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Bill Ruger’s Prototype WW2 Light Machine Gun


Hi guys, thanks for tuning in to another
video on ForgottenWeapons.com. I’m Ian McCollum, and I’m here today at the Cody Firearms Museum taking a look at a really interesting prototype machine gun that they have. This … has its origins in a 1940 US Ordnance Department program to try and find a better universal machine gun to replace the Browning 1917 and Browning 1919. Basically they wanted to lighten the guns. They were still envisioned as being used off of tripods, but they were also supposed to have shoulder stocks. And ultimately this would culminate in the 1919A6. But through a weird and roundabout different channel. So if we look at where this thing came from. In April of 1940 the Ordnance Department
put out an RFP for a new machine gun. And they didn’t want just a modified
Browning, they already had a lot of Brownings. They were looking for a new
design, and in a nutshell, the gun they wanted needed to be less
than 22 pounds, less than 38 inches long, be able to be selective fire, so
semi-automatic or fully-automatic. And then kind of fulfill all the general
requirements of durability, reliability, etc. So they published this in public,
and they’re actively looking for civilian companies to provide guns to meet this
new standard, as well as government arsenals. And they end up getting five different
submissions. Now this one came from Bill Ruger. Bill Ruger was a very young engineer
at the time, and he read this proposal. He thought about it and put together this conceptual
design that he thought would work pretty well. He was an engineer, he wasn’t a manufacturer at that
point, so he took his idea to the Auto-Ordnance Company. (Where he would go on to
do quite a bit of work actually.) And he proposed it to them and they thought
this looked like a decent plan for a machine gun, and they didn’t have anything
else in line for this trial. So they wrote up a contract, and in late
1940 they started working on this gun. And in fact, if I may read an
excerpt from a letter from Bill Ruger, “The object of this project was simple enough. To perfect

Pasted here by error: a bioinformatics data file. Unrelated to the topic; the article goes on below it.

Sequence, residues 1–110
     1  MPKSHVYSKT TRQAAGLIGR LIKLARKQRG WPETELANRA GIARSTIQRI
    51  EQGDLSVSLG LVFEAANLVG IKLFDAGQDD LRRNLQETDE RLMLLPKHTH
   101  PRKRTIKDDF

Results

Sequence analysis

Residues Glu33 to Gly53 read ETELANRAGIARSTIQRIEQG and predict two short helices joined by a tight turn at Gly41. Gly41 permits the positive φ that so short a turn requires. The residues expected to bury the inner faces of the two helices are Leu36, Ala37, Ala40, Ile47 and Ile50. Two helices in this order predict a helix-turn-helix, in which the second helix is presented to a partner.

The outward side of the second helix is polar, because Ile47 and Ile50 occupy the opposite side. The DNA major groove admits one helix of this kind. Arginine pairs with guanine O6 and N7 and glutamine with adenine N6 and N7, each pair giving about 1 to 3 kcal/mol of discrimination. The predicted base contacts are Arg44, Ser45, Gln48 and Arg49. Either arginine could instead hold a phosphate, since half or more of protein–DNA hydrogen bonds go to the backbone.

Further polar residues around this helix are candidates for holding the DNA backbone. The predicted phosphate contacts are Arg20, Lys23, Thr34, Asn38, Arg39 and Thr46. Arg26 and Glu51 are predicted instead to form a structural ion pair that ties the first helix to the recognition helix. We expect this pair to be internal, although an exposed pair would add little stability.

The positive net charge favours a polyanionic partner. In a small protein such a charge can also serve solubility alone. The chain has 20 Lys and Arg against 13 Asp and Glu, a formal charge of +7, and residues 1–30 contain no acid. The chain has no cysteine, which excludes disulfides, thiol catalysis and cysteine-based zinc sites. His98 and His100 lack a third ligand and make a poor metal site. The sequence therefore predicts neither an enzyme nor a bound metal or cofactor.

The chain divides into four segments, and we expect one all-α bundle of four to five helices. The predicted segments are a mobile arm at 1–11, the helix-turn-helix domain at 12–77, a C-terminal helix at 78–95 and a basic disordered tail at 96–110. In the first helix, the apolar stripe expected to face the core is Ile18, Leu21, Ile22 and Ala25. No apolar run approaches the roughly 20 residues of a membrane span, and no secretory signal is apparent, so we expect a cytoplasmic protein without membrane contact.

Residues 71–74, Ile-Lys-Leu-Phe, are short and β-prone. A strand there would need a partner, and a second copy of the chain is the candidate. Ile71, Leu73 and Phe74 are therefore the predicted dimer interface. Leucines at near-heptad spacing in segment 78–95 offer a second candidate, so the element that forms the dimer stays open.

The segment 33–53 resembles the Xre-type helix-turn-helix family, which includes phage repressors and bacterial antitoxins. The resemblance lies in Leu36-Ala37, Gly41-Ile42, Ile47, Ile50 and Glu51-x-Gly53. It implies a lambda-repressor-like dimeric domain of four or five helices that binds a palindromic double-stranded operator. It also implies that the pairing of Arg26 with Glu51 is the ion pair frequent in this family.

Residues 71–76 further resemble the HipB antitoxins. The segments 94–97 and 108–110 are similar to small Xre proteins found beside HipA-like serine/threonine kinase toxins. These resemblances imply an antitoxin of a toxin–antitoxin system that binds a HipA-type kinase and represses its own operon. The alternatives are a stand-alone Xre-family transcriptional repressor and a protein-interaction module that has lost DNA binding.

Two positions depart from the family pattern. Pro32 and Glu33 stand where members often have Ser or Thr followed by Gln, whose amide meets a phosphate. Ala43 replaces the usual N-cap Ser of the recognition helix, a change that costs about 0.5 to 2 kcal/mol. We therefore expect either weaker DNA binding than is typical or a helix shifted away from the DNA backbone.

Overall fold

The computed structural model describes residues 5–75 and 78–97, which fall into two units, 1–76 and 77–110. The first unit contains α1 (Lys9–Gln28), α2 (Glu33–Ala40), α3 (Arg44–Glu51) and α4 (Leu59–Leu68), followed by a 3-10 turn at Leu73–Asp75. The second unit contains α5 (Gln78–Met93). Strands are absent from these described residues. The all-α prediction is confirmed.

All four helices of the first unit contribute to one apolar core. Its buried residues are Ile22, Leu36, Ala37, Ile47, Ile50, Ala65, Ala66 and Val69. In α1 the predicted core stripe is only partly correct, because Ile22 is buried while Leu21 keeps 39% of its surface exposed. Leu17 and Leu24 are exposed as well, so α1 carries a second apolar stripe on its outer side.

and prepare samples of a belt fed .30 calibre machine gun which would take the place of the Browning, and
get it ready for tests in about four or five months. As I was very young and Auto-Ordnance themselves
not too experienced, this sounded very reasonable. And I went to work with a couple of tool
makers to be on an 80 hour a week schedule.” So this was written in hindsight and Ruger
fully acknowledged the lunacy of the idea that in 4 or 5 months you could just whip up a new machine gun
that would be better, lighter, and more modern than the Browning. But that didn’t stop him from trying. And it’s fortunate that people do attempt impossible
projects, because sometimes they do work. This one did not actually work. So, testing was done in November of 1941. The 5
submissions that the Ordnance Department got were the Sedgley Company, whose gun was a complete dumpster
fire and didn’t … even complete most of the testing. This one from Auto-Ordnance, literally this gun. And then they got entries from the Springfield
Armory, the Rock Island Armory, and Colt. And Springfield, Rock Island and Colt all
provided modified Browning 1919 guns, because of course all of those guys had quite
a bit of experience and tooling to build those, so they took one and kind of
tweaked it to meet the requirements. So ultimately there were some good things about this gun.
The Ordnance Department liked the fact that it was within weight. It was a nice short, kind of handy gun. The tripod mounting was a little bit odd, and
part of the testing requirement involved basically kind of, not really high speed photography, but high speed
analysis of how stable the gun was when it was firing. So, you know, does it do this sort of thing,
or is it rocking up and down when you fire. And they were unable to actually do that analysis
on this gun because of its weird tripod attachment. Unfortunately, we don’t have the tripod for this,
I don’t have any pictures of it, so I’m not sure what exactly caused the problem. But the reporting on